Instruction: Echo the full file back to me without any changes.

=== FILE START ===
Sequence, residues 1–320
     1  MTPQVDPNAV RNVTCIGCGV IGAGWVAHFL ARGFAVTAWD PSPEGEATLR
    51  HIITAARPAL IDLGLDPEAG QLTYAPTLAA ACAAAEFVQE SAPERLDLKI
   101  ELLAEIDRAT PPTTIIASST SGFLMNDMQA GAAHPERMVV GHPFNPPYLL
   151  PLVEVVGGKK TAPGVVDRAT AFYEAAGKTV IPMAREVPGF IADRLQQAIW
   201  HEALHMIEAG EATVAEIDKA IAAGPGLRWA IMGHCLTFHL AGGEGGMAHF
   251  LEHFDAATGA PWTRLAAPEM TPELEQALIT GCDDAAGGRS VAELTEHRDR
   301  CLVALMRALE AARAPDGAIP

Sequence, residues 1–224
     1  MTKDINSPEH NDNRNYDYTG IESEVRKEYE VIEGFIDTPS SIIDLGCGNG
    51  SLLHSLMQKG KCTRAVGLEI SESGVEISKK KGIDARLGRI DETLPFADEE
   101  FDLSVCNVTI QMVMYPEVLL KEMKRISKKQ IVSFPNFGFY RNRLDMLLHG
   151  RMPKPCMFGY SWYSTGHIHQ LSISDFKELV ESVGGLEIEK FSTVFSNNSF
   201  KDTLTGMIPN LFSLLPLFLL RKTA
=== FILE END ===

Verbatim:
Sequence, residues 1–320
     1  MTPQVDPNAV RNVTCIGCGV IGAGWVAHFL ARGFAVTAWD PSPEGEATLR
    51  HIITAARPAL IDLGLDPEAG QLTYAPTLAA ACAAAEFVQE SAPERLDLKI
   101  ELLAEIDRAT PPTTIIASST SGFLMNDMQA GAAHPERMVV GHPFNPPYLL
   151  PLVEVVGGKK TAPGVVDRAT AFYEAAGKTV IPMAREVPGF IADRLQQAIW
   201  HEALHMIEAG EATVAEIDKA IAAGPGLRWA IMGHCLTFHL AGGEGGMAHF
   251  LEHFDAATGA PWTRLAAPEM TPELEQALIT GCDDAAGGRS VAELTEHRDR
   301  CLVALMRALE AARAPDGAIP

Sequence, residues 1–224
     1  MTKDINSPEH NDNRNYDYTG IESEVRKEYE VIEGFIDTPS SIIDLGCGNG
    51  SLLHSLMQKG KCTRAVGLEI SESGVEISKK KGIDARLGRI DETLPFADEE
   101  FDLSVCNVTI QMVMYPEVLL KEMKRISKKQ IVSFPNFGFY RNRLDMLLHG
   151  RMPKPCMFGY SWYSTGHIHQ LSISDFKELV ESVGGLEIEK FSTVFSNNSF
   201  KDTLTGMIPN LFSLLPLFLL RKTA